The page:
Five Career Lessons From the Trenches

Five Career Lessons From the Trenches

There’s lots I wish I’d known as a young professional. Besides the obvious inexperience that comes with being a newbie, growing up in a small, working-class town did little to prepare me for my career in business or legal. While in some ways the best lessons are those you learn on your own, sharing some of my observations below just might help you avoid some of the missteps I’ve made. Read on and leave a comment or share some of your own nuggets of wisdom.

  1. That boss of yours isn’t going to change. If you want a better boss, you’ll need to move on or change your mindset. This was a particularly difficult thing for me to accept because I am one of the biggest optimists I know. Most of my bosses and supervisors have been talented leaders who have helped me grow as a professional. However, I’ve learned from a couple of outliers that I must either develop a new way of thinking about/dealing with/reacting to them, or find another gig. That’s it – those are the choices. Don’t waste months or years simply hoping that things will be different. Your chances of hitting the lottery are better.
  2. Always pitch your promotion to the ultimate decision-maker. You lose control of your candidacy if you rely solely on someone else’s pitch, even if that person is your biggest fan. Keeping stakeholders – such as your immediate supervisor – in the loop can be critical and good politics. However, you need to pitch you. No one can convey your passion, skills, talents and fit for the bigger role like you can. Internal recommendations and your reputation should be part of your messaging, but you owe it to yourself to get an audience with the decision-maker(s) if you can do it responsibly.
  3. Don’t be intimidated by that overly self-promoting colleague. The loudest and proudest colleagues aren’t necessarily the most talented, admired, or even the most valued by leadership. These types have simply proven they know how to make noise. Stay in your lane, focus on your contributions, and do not take a back seat or defer to them. Ensure you get credit for all of your good ideas, too.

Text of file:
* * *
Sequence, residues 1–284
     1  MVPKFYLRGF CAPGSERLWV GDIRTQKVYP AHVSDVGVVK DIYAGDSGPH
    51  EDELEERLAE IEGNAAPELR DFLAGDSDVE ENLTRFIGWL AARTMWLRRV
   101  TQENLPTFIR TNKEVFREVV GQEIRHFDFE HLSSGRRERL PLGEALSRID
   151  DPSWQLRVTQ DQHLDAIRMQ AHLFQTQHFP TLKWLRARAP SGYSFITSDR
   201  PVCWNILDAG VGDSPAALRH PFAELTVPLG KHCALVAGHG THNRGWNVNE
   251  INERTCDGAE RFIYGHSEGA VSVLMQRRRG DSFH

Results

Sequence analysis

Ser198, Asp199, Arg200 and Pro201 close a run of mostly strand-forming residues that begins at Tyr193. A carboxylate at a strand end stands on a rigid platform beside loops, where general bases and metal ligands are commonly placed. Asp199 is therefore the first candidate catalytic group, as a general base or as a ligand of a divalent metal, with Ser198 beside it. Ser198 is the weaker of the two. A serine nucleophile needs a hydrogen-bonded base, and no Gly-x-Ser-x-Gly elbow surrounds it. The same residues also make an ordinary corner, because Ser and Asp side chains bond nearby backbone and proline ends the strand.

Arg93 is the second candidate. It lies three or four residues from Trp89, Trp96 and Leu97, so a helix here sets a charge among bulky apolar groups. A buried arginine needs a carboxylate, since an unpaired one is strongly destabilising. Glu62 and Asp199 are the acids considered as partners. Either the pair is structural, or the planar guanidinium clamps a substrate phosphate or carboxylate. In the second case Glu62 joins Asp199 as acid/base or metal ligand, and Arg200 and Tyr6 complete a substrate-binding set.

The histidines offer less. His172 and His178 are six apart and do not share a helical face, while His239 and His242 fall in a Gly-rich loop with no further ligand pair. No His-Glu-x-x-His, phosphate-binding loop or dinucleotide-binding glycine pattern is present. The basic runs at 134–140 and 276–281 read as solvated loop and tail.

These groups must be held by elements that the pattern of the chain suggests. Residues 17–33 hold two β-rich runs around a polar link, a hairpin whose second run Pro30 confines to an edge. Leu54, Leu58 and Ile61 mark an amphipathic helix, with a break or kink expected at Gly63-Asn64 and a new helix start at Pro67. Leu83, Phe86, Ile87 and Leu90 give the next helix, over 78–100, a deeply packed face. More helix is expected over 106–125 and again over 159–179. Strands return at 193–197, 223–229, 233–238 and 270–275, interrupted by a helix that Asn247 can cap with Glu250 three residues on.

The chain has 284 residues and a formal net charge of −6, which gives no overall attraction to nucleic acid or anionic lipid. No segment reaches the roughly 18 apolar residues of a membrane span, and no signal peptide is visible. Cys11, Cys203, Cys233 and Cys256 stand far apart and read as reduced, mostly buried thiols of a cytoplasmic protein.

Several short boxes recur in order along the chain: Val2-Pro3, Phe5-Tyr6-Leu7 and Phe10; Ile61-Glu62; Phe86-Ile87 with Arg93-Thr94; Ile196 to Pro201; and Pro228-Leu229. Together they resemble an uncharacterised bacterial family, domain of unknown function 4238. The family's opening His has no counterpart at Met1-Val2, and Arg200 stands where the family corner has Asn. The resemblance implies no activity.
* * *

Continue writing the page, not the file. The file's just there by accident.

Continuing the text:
4. Your comfortable job isn’t necessarily good for you or your career. The comfortable and familiar job that no longer challenges you isn’t good for you or your long term goals. (Wait – you DO have career goals, right?) Remaining in your comfort zone can be a choice driven by deeply personal factors, such as having a child or caring for a family member. I’ve been there, and I’m not talking about those situations. What I’m talking about is letting fear hold you in that soul-killing job you grew out of years ago and that bores you to tears. If you aren’t gaining new skills or being stretched, consider your options.
  5. Finding great mentors and role models is important and takes work. Most of the professional women in my circle and extended network didn’t talk about mentors until about ten years ago. We had each other, but we floated around and made significant decisions without the benefit of a mature and experienced sounding board. Don’t rely solely on your assigned, in-house mentor to motivate, inspire, or help you level-up your skills. It wasn’t until mid-career that I discovered the importance of finding women and men to admire and emulate.

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